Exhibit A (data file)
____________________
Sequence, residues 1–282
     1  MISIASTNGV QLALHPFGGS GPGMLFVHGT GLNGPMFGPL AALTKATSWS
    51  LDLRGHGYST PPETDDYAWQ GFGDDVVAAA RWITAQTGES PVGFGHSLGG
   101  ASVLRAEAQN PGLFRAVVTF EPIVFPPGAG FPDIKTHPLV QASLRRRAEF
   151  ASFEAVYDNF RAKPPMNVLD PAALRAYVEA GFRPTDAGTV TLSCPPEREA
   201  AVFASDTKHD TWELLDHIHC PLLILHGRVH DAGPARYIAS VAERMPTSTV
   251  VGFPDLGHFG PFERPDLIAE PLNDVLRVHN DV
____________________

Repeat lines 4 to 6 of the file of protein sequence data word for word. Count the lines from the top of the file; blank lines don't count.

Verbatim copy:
   101  ASVLRAEAQN PGLFRAVVTF EPIVFPPGAG FPDIKTHPLV QASLRRRAEF
   151  ASFEAVYDNF RAKPPMNVLD PAALRAYVEA GFRPTDAGTV TLSCPPEREA
   201  AVFASDTKHD TWELLDHIHC PLLILHGRVH DAGPARYIAS VAERMPTSTV